Here’s liberal George Packer, writing in the New Yorker:
Populism [demands] simple answers to difficult problems. It’s suspicious of the normal bargaining and compromise that constitute democratic governance. Populism can have a conspiratorial and apocalyptic bent—the belief that the country, or at least its decent majority, is facing imminent ruin at the hands of a particular group of malefactors [i.e., politicians].
[Many] have won the Presidency by seeming to reject or rise above the unlovely business of politics and government. Trump takes it to a demagogic extreme. There’s no dirtier word in the lexicon of his stump speech than “politician.”Please note: Packer’s “normal bargaining and compromise” takes place among an elite of Democrats and Republicans to which average people feel no connection whatsoever.
And here’s conservative Bret Stephens, sounding off in the Wall Street Journal:
a party that is supposed to believe in the incomparable awesomeness of America thinks we are losing the economic hunger games to the brilliant political leadership of . . . Mexico. [A] movement that is supposed to believe in economic freedom doesn’t believe in the essence of economic freedom: to wit, the free movement of goods, services, capital and labor.The “party” to which Stephens refers is Stephens’ very own Republican Party. Ah despair, Trump is thy name.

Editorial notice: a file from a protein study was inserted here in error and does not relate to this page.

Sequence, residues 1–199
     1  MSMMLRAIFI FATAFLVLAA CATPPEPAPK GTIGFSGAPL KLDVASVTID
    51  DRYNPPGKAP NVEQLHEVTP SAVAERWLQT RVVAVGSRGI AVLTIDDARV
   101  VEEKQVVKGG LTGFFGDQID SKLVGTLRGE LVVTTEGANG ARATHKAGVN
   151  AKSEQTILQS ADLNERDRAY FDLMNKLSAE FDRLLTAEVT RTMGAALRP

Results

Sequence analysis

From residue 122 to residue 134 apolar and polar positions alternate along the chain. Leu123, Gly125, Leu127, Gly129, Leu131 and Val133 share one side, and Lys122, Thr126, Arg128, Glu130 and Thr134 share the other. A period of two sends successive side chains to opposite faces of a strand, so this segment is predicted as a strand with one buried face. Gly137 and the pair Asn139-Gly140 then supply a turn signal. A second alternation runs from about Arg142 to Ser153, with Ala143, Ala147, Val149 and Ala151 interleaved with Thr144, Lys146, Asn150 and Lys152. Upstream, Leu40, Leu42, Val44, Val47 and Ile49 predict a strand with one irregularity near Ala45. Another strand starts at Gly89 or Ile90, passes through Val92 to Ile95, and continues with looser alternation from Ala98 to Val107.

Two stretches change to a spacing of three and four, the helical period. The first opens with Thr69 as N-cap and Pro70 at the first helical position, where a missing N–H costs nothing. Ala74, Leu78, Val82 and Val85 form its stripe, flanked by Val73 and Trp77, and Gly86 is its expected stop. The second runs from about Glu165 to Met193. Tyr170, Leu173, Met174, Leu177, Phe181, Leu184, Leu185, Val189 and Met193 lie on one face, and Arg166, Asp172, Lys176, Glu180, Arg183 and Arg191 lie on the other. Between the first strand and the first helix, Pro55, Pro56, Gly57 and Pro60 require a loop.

Personally, I don’t believe that the masses can successfully overthrow a united elite. One has to have at least a piece of the elite on one’s side. Hitler had the Reichswehr and many industrialists. Lenin had intellectuals and part of the army. Trump, by himself alone, is rich, but not THAT rich.
So confronted by Trump’s rise, I am calmer than Packer and Stephens. I believe the Trump phenomenon stems from real issues, including the elite’s failure to take care of the economy and bring prosperity to our working class. Trump is right about our porous border and our failure to track down visa overstayers, right about the disconnect between Washington and the country, right about the meritocracy's anti-democratic nature, right to harp on how political correctness attempts to attach votes of those dependent on government to the nation’s liberal elite.
Packer wants Democrats and Republicans, liberals and conservatives, to work together. We already know what that means to progressives: “conservatives, listen to your intellectual superiors, and gracefully accept your junior status in the ruling elite.”
Stephens argues for the unfettered free movement of goods and labor, even as ordinary people believe cheap goods and cheap labor are taking jobs away from them. This is a real problem, one Marco Rubio, among others, treats seriously.
The average American isn’t responsive to the Bret Stephens/Wall Street Journal/Mitt Romney agenda bringing globalization with all its consequences to Main Street. The elite-masses disconnect helps explain why elite Republicans are linked to elite Democrats as the problem, not the solution.
And why we must deal with the Trump phenom.